1. The day that JFK was shot.
2. Peace marches.
3. A sense of anger on the part of youth against their elders.
It all went right over your head, pretty much, the entire decade of the 60’s. And then one day the 60’s were over, and it was the 70’s, and you were in middle school. You were growing wildly, so fast that your bones literally hurt. You lay curled in bed at night, holding your thighs and knees, which sparked with pain. You lost weight because you were growing so fast.

Here is what you remember from the 70’s:

The 60’s were just past. It was the bare beginning of the 70’s. But you knew that you had missed out, and you wanted what you had missed. It was your goal to be a hippie. You decoupaged Desiderata and hung it in your room. You tie-dyed some clothes, including a yellow hat which your sisters scoffed at mercilessly. You tried to teach yourself how to play the recorder, the better to sit in a field of daisies playing  “Blowin’ In the Wind” and “Where Have All the Flowers Gone?”
Hippies sat in fields of daisies, living in the moment and playing the recorder, didn’t they? They did. Surely they did. And they wore tie-dye yellow hats.

Sister #1: Where are you going in that yellow tie-dye hat?
You: For a walk.
Sister #1: In that yellow tie-dye hat?
You: Yes.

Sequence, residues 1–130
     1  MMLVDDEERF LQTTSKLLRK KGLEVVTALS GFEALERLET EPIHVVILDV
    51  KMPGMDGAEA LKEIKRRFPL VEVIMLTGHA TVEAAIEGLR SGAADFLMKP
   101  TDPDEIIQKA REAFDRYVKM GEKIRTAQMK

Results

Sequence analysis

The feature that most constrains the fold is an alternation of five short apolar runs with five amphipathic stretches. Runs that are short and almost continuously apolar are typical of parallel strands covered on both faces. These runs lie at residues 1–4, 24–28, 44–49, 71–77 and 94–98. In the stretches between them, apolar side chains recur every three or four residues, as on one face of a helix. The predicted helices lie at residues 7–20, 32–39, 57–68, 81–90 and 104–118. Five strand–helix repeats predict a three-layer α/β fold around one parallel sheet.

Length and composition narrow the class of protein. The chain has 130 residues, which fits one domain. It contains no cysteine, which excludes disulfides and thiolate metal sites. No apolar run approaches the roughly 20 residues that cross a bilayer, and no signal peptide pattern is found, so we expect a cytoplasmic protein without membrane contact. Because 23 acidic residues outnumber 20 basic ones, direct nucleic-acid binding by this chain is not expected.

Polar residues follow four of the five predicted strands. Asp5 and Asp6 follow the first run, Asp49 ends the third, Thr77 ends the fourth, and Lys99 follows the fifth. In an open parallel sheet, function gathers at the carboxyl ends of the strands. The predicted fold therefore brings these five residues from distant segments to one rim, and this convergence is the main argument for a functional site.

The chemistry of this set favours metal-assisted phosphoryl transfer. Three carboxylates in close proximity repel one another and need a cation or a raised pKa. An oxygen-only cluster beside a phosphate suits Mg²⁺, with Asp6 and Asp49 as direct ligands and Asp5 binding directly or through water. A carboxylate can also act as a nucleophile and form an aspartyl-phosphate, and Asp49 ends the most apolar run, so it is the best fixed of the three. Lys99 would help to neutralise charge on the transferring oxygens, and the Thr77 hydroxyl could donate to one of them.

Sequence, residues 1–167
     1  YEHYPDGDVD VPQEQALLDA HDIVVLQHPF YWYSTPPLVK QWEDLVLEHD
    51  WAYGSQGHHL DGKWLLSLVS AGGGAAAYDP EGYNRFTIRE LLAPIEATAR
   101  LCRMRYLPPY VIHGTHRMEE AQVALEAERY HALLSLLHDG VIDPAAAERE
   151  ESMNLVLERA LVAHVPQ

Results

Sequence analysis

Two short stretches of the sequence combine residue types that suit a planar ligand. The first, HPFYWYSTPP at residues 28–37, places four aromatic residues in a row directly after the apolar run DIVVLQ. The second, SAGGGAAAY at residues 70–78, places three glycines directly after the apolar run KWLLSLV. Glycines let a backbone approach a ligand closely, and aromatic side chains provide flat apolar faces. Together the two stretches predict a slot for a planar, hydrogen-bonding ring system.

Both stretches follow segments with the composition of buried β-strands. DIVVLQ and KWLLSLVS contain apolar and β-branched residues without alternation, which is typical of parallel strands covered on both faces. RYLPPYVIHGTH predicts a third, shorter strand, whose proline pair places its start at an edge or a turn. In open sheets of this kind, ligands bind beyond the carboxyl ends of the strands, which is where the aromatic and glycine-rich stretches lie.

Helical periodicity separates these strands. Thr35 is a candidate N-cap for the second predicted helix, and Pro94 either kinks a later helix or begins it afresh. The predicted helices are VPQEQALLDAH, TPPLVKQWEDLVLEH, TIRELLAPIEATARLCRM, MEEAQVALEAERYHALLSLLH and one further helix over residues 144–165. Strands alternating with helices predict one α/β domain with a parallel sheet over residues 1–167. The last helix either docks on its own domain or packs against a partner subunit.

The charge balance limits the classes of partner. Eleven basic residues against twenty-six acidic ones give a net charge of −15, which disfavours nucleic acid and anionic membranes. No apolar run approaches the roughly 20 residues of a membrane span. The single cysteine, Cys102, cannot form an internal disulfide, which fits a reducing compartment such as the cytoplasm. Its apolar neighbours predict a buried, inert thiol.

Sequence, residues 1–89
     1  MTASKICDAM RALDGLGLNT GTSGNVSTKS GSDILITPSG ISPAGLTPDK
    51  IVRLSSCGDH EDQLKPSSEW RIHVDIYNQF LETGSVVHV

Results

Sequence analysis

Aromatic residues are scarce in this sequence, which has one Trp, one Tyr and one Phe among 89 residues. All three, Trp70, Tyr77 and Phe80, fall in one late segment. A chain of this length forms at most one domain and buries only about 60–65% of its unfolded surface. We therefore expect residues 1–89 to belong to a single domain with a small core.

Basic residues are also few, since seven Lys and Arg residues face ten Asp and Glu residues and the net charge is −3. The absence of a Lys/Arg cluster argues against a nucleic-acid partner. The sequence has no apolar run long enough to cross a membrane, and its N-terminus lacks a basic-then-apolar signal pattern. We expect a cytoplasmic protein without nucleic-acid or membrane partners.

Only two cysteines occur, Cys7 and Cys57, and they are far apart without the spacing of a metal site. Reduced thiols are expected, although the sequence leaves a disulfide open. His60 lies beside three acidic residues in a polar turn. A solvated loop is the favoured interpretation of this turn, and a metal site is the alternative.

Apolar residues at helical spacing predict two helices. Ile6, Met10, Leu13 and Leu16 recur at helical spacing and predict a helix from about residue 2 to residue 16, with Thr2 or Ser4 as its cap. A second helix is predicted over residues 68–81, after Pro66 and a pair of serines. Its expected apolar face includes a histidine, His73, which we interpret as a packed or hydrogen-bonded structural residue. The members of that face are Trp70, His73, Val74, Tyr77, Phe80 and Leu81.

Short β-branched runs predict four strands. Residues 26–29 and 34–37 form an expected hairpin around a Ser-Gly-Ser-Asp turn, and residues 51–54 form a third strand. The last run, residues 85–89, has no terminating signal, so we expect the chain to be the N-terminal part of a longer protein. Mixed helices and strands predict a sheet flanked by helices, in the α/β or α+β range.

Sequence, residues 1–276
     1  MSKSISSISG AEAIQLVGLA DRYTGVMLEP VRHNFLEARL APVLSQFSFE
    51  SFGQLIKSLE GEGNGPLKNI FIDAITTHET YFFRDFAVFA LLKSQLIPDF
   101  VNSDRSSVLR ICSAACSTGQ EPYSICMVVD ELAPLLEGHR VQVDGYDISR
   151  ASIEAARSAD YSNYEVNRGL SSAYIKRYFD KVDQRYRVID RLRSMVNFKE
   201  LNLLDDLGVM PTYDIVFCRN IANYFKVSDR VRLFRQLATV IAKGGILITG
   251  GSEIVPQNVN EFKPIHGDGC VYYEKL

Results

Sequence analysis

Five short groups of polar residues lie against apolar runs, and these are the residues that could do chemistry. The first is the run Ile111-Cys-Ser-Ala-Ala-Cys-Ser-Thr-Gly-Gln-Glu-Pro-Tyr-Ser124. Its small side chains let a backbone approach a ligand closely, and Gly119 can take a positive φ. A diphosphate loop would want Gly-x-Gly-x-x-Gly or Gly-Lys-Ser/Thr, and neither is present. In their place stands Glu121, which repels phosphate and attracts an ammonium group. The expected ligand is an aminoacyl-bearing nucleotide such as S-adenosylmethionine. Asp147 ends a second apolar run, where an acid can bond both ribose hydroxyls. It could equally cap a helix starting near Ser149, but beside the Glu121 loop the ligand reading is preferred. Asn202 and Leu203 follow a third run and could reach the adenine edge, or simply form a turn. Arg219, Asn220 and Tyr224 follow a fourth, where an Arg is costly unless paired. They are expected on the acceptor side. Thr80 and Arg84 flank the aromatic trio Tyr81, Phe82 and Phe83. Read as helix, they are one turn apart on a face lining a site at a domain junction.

Sister #1: What’s that under your arm?
You: Nothing.
Sister #1: Oh my God. Is that your recorder?
You: (no response)
Sister #1: Oh my God. Are you going out in back of the barn to sit in the field and play that thing?
You: (no response)
Sister #1: Oh my God. Sister #2! She’s heading out into the field again to play that recorder!
Sister #2 (from kitchen, where she is kneading bread): Is she wearing the yellow tie-dye hat?
Sister #1: Mais oui!
Sister #2: Oh my God.

So it went, that summer. Something about a recorder, something about a field of daisies, something about a yellow tie-dye hat. Sister #2 went on to become the New York State Bread Baking Champion that year. To the best of your memory she never baked another loaf, once the trophy was hers. Sister #1 made a granny dress out of checked orange and white cotton. And in the face of steadfast opposition, you kept wearing your yellow tie-dye hat.